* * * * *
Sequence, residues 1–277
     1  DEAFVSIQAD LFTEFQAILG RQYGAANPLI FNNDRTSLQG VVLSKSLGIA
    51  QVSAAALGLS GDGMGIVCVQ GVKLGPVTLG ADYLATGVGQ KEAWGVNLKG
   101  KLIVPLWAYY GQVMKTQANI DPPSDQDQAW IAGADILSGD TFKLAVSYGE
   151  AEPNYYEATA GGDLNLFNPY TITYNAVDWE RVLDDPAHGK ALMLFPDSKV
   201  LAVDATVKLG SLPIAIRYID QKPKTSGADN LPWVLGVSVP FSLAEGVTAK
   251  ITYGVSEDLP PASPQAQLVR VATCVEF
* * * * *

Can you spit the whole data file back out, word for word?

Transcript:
Sequence, residues 1–277
     1  DEAFVSIQAD LFTEFQAILG RQYGAANPLI FNNDRTSLQG VVLSKSLGIA
    51  QVSAAALGLS GDGMGIVCVQ GVKLGPVTLG ADYLATGVGQ KEAWGVNLKG
   101  KLIVPLWAYY GQVMKTQANI DPPSDQDQAW IAGADILSGD TFKLAVSYGE
   151  AEPNYYEATA GGDLNLFNPY TITYNAVDWE RVLDDPAHGK ALMLFPDSKV
   201  LAVDATVKLG SLPIAIRYID QKPKTSGADN LPWVLGVSVP FSLAEGVTAK
   251  ITYGVSEDLP PASPQAQLVR VATCVEF